Sunday, June 05, 2005

Dance, dance, dance to the Radio

What the hell is it about godzone….eat eat eat eat eat. The obsession with eating endlessly even when you’re not hungry is something I’ve only encountered in New Zealand and the USA. It scares the living daylights out of me and it does me no favours whatsoever. I’m one of those unfortunate people who spend weeks battling to deal to that one steak and cheese pie that I succumbed to in a moment of pathetic weakness (the ones in the bakery next to Glengarry in Ponsonby Road are especially good by the way), only to lose the battle in another momentary lapse. I despise beyond reason people like my bro Peter Urlich (we figured out today we’ve been close friends for thirty years this month..not bad, so I don’t really despise him at all, quite the opposite), whom I had Yum Char with today; he can eat inhuman amounts of anything, washing it down with lager, with no noticeable effect. I like the Asian way of one decent meal and then a browsing, if and when required across the day. It makes perfect, and a succession of flavours.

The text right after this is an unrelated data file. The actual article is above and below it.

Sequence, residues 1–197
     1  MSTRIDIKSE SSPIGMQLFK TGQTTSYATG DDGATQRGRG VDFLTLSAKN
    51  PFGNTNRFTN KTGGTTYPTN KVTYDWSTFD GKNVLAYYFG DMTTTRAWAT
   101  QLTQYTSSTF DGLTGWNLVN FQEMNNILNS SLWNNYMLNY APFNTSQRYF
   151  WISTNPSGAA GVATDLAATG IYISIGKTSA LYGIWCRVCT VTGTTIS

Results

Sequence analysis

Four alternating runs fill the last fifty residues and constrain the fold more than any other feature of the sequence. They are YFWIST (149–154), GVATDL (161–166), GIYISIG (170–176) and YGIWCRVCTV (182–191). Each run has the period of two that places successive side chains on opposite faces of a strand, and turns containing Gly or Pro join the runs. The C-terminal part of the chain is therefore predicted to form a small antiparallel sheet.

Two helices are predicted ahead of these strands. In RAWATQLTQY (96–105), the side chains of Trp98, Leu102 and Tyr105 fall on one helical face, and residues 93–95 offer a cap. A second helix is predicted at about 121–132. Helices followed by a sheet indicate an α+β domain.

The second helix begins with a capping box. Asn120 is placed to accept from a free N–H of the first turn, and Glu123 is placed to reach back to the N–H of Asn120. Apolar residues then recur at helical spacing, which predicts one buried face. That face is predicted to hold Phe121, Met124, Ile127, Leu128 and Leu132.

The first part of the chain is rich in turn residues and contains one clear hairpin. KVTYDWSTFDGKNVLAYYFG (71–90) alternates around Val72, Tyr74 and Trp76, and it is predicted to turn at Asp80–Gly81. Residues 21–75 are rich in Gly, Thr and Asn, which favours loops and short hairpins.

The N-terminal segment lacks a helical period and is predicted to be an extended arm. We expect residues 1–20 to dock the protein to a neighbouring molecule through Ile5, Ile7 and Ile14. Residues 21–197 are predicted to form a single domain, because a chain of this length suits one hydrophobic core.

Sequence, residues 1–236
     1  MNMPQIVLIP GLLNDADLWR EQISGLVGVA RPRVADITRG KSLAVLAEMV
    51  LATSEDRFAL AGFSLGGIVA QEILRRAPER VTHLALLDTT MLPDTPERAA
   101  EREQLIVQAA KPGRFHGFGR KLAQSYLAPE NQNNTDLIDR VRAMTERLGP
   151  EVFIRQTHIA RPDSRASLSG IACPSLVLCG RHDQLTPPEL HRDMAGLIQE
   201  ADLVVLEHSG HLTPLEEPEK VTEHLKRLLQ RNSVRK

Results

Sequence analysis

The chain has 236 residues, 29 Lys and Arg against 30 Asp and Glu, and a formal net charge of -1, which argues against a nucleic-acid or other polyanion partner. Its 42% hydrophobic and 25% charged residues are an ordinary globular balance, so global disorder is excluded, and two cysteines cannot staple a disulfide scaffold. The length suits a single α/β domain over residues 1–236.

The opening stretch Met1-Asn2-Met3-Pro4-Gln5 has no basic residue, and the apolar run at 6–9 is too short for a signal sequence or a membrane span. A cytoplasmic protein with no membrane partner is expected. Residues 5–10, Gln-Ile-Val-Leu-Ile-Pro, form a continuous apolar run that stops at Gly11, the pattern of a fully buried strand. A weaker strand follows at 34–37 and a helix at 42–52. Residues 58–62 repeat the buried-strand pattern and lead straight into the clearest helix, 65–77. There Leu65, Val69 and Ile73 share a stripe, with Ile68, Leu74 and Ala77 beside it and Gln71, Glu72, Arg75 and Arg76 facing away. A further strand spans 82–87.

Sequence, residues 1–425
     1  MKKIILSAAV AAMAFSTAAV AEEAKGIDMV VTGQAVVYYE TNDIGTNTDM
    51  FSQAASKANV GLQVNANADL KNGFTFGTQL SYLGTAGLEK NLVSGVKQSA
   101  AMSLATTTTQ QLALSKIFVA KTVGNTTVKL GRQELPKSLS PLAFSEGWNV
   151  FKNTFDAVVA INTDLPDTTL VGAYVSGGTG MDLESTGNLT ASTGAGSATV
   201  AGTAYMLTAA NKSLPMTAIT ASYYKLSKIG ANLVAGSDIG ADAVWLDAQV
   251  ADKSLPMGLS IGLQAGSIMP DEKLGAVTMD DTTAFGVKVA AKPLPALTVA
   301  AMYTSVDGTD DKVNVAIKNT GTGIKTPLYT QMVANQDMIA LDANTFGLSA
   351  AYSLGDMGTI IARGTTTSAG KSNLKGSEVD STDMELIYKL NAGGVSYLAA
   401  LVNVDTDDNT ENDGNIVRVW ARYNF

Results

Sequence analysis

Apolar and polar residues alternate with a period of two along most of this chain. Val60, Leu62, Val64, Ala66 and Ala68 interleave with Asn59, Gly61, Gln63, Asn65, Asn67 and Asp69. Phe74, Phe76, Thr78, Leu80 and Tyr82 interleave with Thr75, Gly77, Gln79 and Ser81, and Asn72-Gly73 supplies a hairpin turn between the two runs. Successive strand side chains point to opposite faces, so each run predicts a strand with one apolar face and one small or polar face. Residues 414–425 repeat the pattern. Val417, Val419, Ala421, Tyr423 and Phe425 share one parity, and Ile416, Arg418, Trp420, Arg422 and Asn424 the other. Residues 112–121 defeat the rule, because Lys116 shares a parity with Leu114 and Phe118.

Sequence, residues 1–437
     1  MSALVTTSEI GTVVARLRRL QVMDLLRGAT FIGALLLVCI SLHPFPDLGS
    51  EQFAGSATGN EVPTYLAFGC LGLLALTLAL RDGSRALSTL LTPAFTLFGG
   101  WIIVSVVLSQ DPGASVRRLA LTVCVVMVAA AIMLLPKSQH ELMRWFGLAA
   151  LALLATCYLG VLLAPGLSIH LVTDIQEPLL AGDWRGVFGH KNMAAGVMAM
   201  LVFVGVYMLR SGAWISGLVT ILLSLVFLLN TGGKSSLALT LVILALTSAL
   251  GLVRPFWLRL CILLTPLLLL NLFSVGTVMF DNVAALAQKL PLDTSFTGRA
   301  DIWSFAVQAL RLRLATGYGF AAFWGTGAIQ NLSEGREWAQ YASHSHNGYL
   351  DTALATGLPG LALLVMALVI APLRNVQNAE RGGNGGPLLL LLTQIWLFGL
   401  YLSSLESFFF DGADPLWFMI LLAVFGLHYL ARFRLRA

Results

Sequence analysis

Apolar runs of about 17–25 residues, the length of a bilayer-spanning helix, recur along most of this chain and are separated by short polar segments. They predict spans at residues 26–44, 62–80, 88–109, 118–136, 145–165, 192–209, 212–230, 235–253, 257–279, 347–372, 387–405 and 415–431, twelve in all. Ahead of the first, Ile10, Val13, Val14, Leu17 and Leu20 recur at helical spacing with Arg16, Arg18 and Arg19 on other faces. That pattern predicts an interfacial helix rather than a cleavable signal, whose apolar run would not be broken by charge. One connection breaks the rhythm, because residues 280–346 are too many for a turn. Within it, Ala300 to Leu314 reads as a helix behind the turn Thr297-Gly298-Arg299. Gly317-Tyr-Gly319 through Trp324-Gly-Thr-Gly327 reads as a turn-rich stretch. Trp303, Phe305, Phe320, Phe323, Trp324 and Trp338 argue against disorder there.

All this, really, is just self flagellation and complete nonsense, as I’ve just got in from a massive gorging, with the associated guilt, from our hidden secret, KK Malaysian in Greenlane. At least, it was our secret, until bloody Metro (which has, to change the subject completely, a must read article about Iraq in the current issue) made it “hot”, and ruined it. Happily we’ve been going there so long, enjoying the food prepared with such obvious soul and love, that we’ve jumped to VIP status, and we can still get a table in this Formica tabled shoebox at whim…so ha! There is nothing quite as satisfying as pushing past the food Mafioso with a knowing look and declining the menu as we know what we want already. Yep, its puerile but I don’t care at all….

So…nineteen years.